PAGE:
We live and work in the rice-farming villages of rural Sri Lanka. Every day we’re exposed to all sides of all of the stories and only one thing is perfectly clear: that the situation is getting worse for both elephants and people (2019 was the deadliest year on record since 1948), and that to turn this conflict into coexistence will require a holistic way of thinking/acting/moving forward.
Just yesterday we were driving down the main road that separates the Knuckles Mountains from the paddy fields to see 2 wild elephants bathing in the tank (reservoir) in the middle of the afternoon. Although they were beautiful, seeing them at that time of day and their proximity to the soon-to-be-harvested rice was unsettling, for the safety of both families of elephants and families of people.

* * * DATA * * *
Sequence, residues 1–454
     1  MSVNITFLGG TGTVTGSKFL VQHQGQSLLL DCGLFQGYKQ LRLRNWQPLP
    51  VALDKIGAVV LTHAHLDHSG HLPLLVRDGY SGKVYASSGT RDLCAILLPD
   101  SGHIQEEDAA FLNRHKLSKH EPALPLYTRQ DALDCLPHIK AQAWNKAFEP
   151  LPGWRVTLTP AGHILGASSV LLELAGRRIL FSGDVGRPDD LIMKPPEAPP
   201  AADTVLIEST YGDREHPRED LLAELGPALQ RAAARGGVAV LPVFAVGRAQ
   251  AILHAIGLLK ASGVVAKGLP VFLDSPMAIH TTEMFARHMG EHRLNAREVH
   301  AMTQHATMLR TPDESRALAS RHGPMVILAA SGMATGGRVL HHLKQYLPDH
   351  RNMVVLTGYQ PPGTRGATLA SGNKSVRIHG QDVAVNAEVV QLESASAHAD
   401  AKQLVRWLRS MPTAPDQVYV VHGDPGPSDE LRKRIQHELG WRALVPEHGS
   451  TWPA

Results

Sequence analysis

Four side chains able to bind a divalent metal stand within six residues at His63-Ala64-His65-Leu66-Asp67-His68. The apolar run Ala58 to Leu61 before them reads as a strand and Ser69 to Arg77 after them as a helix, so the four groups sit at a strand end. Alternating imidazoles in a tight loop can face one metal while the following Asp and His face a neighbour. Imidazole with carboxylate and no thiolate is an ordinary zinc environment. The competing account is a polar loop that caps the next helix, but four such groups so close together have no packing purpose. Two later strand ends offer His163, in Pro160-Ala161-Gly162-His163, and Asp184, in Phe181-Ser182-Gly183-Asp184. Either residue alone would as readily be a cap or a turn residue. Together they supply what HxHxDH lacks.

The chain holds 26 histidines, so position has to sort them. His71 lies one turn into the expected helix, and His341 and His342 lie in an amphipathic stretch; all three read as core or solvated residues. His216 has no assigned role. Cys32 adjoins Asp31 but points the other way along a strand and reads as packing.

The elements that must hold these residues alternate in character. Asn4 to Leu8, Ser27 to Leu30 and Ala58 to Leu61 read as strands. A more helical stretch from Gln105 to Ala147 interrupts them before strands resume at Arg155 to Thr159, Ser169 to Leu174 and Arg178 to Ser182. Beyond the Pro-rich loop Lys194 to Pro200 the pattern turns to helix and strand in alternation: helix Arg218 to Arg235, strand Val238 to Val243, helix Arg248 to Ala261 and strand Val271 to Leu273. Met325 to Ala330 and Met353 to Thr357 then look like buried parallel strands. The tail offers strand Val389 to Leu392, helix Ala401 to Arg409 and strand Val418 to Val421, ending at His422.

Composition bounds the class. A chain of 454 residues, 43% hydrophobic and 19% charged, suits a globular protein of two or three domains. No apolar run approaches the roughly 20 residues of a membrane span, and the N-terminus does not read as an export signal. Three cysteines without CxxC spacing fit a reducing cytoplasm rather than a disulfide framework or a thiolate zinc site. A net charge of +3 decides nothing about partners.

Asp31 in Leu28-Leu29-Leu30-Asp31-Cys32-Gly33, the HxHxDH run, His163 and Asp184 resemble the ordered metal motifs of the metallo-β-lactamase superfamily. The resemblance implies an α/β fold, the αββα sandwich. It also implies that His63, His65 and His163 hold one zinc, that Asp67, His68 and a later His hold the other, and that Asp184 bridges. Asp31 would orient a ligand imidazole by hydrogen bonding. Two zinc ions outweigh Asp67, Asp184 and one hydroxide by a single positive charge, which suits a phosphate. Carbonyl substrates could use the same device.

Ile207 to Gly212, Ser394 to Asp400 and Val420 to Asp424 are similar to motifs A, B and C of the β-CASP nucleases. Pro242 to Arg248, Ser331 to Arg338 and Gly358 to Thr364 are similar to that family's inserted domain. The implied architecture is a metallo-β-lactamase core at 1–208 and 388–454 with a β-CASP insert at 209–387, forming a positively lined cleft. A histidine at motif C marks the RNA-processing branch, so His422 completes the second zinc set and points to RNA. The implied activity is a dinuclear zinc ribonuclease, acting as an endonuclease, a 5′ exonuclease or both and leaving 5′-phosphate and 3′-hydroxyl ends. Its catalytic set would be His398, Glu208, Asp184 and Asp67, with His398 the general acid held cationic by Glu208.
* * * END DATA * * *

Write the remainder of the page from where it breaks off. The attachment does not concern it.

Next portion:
In the midst of it all, we gather a momentum of hope when we hear those living among these majestic animals say: “The animals seem to appreciate a kindly touch. In the middle of his paddy, Lalith and his neighbours demonstrate their technique, passed down for generations. They sing to the animals: “Go away, little babies, go away. But once we’ve gathered the harvest, anything we leave is yours.” How on earth, Banyan asks, can that work? It just does, Lalith replies. After all, he adds, ‘We’re still here, and so are the elephants.”
This final quote is taken from a recent article published in The Economist. You can access the full article here.